• Moisture is Key: Think of water as the seeds’ morning coffee – essential! Use a spray bottle to mist the seeds until the soil surface is evenly moist.

Step 3: Preparing for Germination

Time for a little darkness!

  • Cover Up: Place another planting tray (no holes) on top of your seeded tray. This keeps them in the dark, which they love for germination. Add some weight to the top tray to help the seeds stay in contact with the soil and shed their hulls.

Step 4: The Initial Waiting Period

Patience is a virtue here.

  • Leave Them Be: Let the seeds germinate undisturbed for the first four days. The cover helps create a perfect microclimate for your seeds to sprout.

Step 5: Checking and Moistening Seeds

cilantro-microgreens-germinating

Time for a check-in!

  • Peek and Spray: On day four, lift the cover and see how things are going. You should see some signs of life. If the soil looks dry, give it a light spritz. Replace the cover and check again daily for the next three days.

Step 6: Shedding the Seed Hulls

This is the secret sauce for clean microgreens.

  • Extra Day in the Dark: Around days 4 to 6, most of your seeds should be germinated. Keep the lid on with the weight for an extra day to help the stems detach from the seed hulls.

Step 7: Light Exposure

Let there be light!

  • Find the Light: Place the tray under a bright light source – sunlight, an LED light, or a special grow light. Don’t stress too much about the type, just ensure they get plenty of light.
  • Final Spritz: If the soil surface looks dry, give it a final spray. Add water to the bottom tray (1 cup for a 10×10 tray, 2 cups for a 10×20 tray). This keeps the soil evenly moist without overwetting the leaves.

Step 8: Growth Stages and Harvesting

Watching your microgreens grow is like watching a great movie – it gets more exciting as it progresses.

  • Monitor Growth: Watch your microgreens grow, watering them daily with 1 to 2 cups depending on the tray size and room humidity. Keep the soil moist but not waterlogged.
  • Harvest Time: Once the first true leaves have formed (usually around 14 to 20 days), it’s harvest time! Use a sharp knife or scissors to cut your cilantro microgreens just above the soil surface. Only cut what you need and let the rest continue to grow.

Tips for a Hull-Free Harvest

 

The trick to hull-free cilantro microgreens is keeping them covered with weights for up to seven days. This extra time helps the tiny sprouts detach from their hulls, giving you a clean, easy-to-harvest batch.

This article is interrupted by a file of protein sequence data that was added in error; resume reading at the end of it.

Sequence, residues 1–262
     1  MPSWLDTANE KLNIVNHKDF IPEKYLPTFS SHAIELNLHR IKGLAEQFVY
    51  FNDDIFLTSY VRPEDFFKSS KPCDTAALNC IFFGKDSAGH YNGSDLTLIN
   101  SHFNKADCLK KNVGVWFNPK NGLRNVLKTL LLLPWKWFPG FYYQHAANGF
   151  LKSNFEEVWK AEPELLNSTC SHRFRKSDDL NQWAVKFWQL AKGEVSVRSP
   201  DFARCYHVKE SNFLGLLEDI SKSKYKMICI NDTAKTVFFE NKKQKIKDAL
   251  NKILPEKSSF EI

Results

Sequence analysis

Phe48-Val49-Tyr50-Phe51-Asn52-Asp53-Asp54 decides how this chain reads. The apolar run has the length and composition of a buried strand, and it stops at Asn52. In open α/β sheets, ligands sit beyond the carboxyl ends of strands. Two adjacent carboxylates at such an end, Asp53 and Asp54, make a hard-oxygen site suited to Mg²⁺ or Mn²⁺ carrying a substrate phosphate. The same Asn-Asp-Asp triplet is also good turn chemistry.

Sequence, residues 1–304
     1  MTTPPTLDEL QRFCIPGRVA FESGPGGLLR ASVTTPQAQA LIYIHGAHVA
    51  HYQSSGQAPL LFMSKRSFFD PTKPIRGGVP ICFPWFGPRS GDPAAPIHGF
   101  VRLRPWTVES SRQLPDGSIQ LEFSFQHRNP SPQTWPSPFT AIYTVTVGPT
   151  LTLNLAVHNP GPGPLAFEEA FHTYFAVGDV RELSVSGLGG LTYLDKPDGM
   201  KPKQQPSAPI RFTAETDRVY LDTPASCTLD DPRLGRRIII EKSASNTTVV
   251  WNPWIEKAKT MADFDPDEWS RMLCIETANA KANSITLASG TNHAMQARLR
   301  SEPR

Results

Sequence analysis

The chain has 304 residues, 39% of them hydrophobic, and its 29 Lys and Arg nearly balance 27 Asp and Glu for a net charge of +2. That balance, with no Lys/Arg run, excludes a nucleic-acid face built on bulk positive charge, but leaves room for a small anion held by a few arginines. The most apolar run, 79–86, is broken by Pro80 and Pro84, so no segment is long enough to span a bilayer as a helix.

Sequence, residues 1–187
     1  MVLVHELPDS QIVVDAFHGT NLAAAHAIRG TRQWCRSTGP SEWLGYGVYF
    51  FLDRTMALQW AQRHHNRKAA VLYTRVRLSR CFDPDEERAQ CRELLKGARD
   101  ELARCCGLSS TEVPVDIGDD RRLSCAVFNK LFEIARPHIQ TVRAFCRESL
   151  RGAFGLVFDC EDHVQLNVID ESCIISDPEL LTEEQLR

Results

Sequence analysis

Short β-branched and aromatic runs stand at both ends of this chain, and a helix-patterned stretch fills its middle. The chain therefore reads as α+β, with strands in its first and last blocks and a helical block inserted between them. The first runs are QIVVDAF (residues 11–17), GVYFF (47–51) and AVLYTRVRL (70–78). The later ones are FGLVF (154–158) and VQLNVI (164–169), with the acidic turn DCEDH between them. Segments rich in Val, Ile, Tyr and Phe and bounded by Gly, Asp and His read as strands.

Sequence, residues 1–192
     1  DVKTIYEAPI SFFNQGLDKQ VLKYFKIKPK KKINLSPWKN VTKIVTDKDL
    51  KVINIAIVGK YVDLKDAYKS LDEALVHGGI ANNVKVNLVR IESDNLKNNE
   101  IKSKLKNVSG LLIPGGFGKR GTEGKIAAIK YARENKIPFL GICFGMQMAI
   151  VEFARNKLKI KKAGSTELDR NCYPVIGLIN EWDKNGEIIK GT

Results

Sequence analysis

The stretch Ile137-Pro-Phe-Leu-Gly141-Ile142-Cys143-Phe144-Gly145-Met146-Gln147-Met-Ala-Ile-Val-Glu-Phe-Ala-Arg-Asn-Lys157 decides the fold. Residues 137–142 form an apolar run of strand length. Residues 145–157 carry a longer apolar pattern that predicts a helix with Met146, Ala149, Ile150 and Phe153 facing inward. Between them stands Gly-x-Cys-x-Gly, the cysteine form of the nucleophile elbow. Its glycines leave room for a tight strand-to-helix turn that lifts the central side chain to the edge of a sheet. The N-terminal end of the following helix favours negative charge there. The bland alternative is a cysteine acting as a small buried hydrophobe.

Do Cilantro Microgreens Regrow 

Coriander

Ah, the dream of endless cilantro microgreens—snip a bit here, a bit there, and watch them spring back like a magical herb fountain. Sadly, the reality is a tad less enchanting. Cilantro microgreens don’t regrow once harvested because all the growth nodules are removed during the process. Let’s break it down.

When you harvest cilantro microgreens, you’re cutting them just above the soil level. This method ensures you get the freshest, most flavorful part of the plant. However, unlike some other plants, cilantro doesn’t have the ability to regrow from its roots or stems after cutting. The growth nodules—the plant’s powerhouses that drive new growth—are located at the base of the plant. When you harvest, those nodules are removed along with the stems.

Think of it this way: imagine your microgreens are like a one-time-use battery. Once you’ve used up the energy (or in this case, harvested the greens), there’s nothing left to power new growth. So, unfortunately, you won’t see a second wave of cilantro microgreens sprouting up from the same seeds.

But don’t let this discourage you! Growing cilantro microgreens is still incredibly rewarding. Each new batch can be a fresh start, and the process is so quick and easy that you can enjoy a continuous supply with just a little planning. Simply replant new seeds after each harvest, and you’ll always have a steady stream of these delicious, nutrient-packed greens ready to brighten up your meals.

So, while cilantro microgreens don’t have the ability to regrow, their intense flavor and quick growth cycle make them a delightful addition to any kitchen garden.

 

What do cilantro microgreens taste like?

Cilantro microgreens have a distinctive flavor that can be described as bright, clean, and crisp, with a hint of citrus. They bring a grassy and vibrant note to dishes, adding not only a fresh, citrusy taste but also a visual appeal and a slight crunch. These microgreens act as a flavor enhancer, imparting a refreshing and clean quality that elevates the overall flavor profile of the food they accompany.